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12 Sep 2016

Digitisation and the School by Mike Douse

By Mike Douse, Freelance International Educational Consultant.

tabletsOver four decades ago, as Foundation Director of Australia’s Disadvantaged Schools Program, along with my colleagues I pondered on how the leading (‘Great Public’ i.e. private) schools could assist those serving the nation’s most underprivileged communities. Some years later, assessing the UK’s Assisted Schools Programme (now archived), we wondered how well-funded private colleges could sustain and mentor the most poorly-maintained state schools. And over many more recent years, working with development partners supporting education in some of the world’s poorest and most fragile communities, we considered how successful schools in developed countries could somehow link up with those serving the poorest of the poor, inter-continentally and beyond all borders.

Such well-intentioned conjectures are no longer relevant. Linkages and partnerships are as outdated as spirit duplicators and fax machines. Contemporary technology makes feasible – nay essential – an entirely fresh and utterly integrated approach. With digitisation, it is no longer a matter of this well-endowed school assisting this struggling school: unification has overtaken bestowment, all schools everywhere have become The School.

For digitisation is not just central to the debate on effective and equitable education worldwide: it is the debate. Considerations of Sustainable Development Goals, universalisation, student assessment, vocational skills development, education and training governance along with personal fulfilment and enjoyment make sense only in the context of digitisation. And this crucial recognition depends upon an appreciation of The School.

The School is the rural school for hungry children in disadvantaged areas of Haiti, Burundi and Nepal. It is the fee-paying college serving the sons and daughters of prosperous parents in a leafy suburb of any European capital or resort. It is the academy for teenage would-be computer engineers and specialist doctors in Johannesburg, Beijing and New York. It is the mixed-age class run in tents by volunteers for up-to-sixth-generation juveniles in refugee camps from Aqabat Jaber on the West Bank through Nauru by way of Lesbos on to Dadaab and Darfur. It is Moriah College in Sydney and Dawakin Tofa Science Secondary School in Kano State and Kings School in Cardiff and the reformatory for young offenders in Abu Dhabi and the second-chance street school for dropouts in Dhaka or for rascals in Port Moresby.

It is the school around the corner, continually reappearing in unprecedented configurations – it is all forms of educational institutions, everywhere. It is not the ‘school of the future’. It is the ‘whole school approach’ made manifest for the digital age – for the present continuous ‘now’. Its essential components include:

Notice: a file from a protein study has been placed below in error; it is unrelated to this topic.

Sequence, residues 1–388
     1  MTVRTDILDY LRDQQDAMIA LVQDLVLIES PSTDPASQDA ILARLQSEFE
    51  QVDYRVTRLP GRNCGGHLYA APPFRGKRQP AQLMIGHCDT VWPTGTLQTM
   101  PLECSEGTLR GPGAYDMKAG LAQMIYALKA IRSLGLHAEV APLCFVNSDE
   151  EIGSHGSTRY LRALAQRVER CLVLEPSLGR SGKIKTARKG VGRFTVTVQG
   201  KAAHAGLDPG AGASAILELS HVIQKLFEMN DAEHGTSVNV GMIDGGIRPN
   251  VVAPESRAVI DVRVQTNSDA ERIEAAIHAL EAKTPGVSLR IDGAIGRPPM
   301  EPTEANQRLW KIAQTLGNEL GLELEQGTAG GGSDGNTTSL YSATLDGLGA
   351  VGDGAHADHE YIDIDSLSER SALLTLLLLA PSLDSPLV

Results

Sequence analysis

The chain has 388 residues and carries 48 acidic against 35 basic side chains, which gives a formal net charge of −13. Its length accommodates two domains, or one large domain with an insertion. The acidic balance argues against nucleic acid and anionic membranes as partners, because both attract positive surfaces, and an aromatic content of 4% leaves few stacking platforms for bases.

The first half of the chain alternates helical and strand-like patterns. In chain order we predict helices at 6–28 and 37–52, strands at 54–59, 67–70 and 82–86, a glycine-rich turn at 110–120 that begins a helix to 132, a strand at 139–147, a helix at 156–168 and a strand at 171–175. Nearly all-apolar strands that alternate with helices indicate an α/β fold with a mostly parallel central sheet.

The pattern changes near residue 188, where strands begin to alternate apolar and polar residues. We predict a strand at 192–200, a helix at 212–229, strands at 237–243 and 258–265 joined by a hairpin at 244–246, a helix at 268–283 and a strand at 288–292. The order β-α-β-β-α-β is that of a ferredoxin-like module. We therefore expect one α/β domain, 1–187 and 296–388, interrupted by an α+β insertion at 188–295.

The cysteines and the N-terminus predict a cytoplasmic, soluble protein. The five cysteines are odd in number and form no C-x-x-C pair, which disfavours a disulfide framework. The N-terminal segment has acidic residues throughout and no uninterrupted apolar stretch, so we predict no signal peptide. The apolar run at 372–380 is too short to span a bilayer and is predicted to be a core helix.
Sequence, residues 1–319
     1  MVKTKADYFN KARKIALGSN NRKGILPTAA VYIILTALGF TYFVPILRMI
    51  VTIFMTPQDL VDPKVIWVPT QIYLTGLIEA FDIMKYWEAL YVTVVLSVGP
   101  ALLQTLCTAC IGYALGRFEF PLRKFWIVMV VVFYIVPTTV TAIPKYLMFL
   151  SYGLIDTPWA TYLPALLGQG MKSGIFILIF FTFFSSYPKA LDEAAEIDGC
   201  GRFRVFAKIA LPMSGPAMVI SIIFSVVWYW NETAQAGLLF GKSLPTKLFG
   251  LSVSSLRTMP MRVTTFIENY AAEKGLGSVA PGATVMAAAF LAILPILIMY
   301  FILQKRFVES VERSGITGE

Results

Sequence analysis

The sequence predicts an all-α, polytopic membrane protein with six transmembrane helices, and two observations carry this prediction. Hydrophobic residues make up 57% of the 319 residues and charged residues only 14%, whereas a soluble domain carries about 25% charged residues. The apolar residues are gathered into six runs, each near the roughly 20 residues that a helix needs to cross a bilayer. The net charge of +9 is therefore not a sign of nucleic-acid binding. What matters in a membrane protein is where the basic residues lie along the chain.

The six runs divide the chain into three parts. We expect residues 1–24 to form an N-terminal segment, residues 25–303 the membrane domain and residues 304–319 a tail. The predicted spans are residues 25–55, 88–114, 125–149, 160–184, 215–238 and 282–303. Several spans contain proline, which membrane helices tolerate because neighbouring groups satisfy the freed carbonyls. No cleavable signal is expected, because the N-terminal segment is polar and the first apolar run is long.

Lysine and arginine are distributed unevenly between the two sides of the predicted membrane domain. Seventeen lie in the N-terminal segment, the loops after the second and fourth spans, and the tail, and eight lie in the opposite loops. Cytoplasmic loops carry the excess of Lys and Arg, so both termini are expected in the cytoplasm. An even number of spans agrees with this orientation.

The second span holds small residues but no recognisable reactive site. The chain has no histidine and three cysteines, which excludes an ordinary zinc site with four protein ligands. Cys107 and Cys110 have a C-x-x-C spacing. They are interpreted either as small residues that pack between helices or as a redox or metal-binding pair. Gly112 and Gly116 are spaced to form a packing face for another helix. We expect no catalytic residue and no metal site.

• Learners: active, engaged, for life, committed to personal development, information and digitally literate, mobile, collaborating, sharing their learning globally;
  • Connectivity: rapid, reliable, uninterrupted and affordable (free) access;
  • Teachers: well-prepared (academically and digitally) and well-led professional educators, delivering, facilitating and assessing digitally-supported learning, and guiding, supporting and counselling the learners, sharing their teaching materials globally;
  • Devices: appropriate mobile appliances for every learner [unspecifiable this morning, as there will be rapid changes in handling, versatility, on-line support methodologies and cost minimisation];
  • Software: attractive, contemporary and proven learning modules (with teachers’ guides) at all levels in all subjects in every relevant language plus background materials, further reading, self- and teacher-administered-tests [but similarly unspecifiable here, as there will be a massive surge in the availability and ineffable variety in the nature of such materials];
  • Inclusion: all learners, full- and part-time, on-campus and distant, irrespective of age, gender, beliefs, abilities or disabilities, are welcomed and individually catered for; and
  • System: geared to optimising learning through, for example, exemplary school leadership, continuous professional development of teachers, participation of family and community, accreditation of curricula and qualifications, extra-curricular activities (sport, drama, debating, service organisations…), careers guidance and progress to higher, further and lifelong education.

The challenge is not to improve education in and for this Digital Age – the necessity is to reinvent it for our times. While there is some value in applying ICT as a cross-sectoral enabler (e.g. as one of many components in an educational intervention) or as a tool within an organisation for better service delivery and outcomes (e.g. as an EMIS or in efficient textbook production and delivery), the absolute priority is for all learners worldwide to participate in The School.

Mike has been continuously involved in international educational development since 1963.

NORRAG (Network for International Policies and Cooperation in Education and Training) is an internationally recognised, multi-stakeholder network which has been seeking to inform, challenge and influence international education and training policies and cooperation for almost 30 years. NORRAG has more than 4,500 registered members worldwide and is free to join. Not a member? Join free here.

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